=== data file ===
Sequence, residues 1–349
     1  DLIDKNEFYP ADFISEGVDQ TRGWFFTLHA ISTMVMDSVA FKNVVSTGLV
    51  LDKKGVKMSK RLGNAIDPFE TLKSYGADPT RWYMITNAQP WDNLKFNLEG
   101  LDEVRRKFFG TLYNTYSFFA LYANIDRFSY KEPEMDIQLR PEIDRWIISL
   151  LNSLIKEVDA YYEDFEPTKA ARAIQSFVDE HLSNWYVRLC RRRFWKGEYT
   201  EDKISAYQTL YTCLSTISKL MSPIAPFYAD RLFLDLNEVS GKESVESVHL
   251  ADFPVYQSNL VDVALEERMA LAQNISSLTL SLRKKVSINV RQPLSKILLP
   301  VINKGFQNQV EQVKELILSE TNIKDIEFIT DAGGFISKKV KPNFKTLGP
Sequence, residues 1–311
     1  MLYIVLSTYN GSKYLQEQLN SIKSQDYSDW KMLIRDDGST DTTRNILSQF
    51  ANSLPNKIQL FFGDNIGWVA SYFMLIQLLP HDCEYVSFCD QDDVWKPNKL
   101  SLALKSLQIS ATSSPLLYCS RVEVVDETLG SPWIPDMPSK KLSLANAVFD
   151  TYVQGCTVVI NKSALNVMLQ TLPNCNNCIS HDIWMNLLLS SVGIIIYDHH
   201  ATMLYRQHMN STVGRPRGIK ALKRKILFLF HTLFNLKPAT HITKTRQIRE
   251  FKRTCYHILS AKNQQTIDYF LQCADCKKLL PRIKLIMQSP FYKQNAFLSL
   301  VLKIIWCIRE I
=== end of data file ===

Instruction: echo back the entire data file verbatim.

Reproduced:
Sequence, residues 1–349
     1  DLIDKNEFYP ADFISEGVDQ TRGWFFTLHA ISTMVMDSVA FKNVVSTGLV
    51  LDKKGVKMSK RLGNAIDPFE TLKSYGADPT RWYMITNAQP WDNLKFNLEG
   101  LDEVRRKFFG TLYNTYSFFA LYANIDRFSY KEPEMDIQLR PEIDRWIISL
   151  LNSLIKEVDA YYEDFEPTKA ARAIQSFVDE HLSNWYVRLC RRRFWKGEYT
   201  EDKISAYQTL YTCLSTISKL MSPIAPFYAD RLFLDLNEVS GKESVESVHL
   251  ADFPVYQSNL VDVALEERMA LAQNISSLTL SLRKKVSINV RQPLSKILLP
   301  VINKGFQNQV EQVKELILSE TNIKDIEFIT DAGGFISKKV KPNFKTLGP
Sequence, residues 1–311
     1  MLYIVLSTYN GSKYLQEQLN SIKSQDYSDW KMLIRDDGST DTTRNILSQF
    51  ANSLPNKIQL FFGDNIGWVA SYFMLIQLLP HDCEYVSFCD QDDVWKPNKL
   101  SLALKSLQIS ATSSPLLYCS RVEVVDETLG SPWIPDMPSK KLSLANAVFD
   151  TYVQGCTVVI NKSALNVMLQ TLPNCNNCIS HDIWMNLLLS SVGIIIYDHH
   201  ATMLYRQHMN STVGRPRGIK ALKRKILFLF HTLFNLKPAT HITKTRQIRE
   251  FKRTCYHILS AKNQQTIDYF LQCADCKKLL PRIKLIMQSP FYKQNAFLSL
   301  VLKIIWCIRE I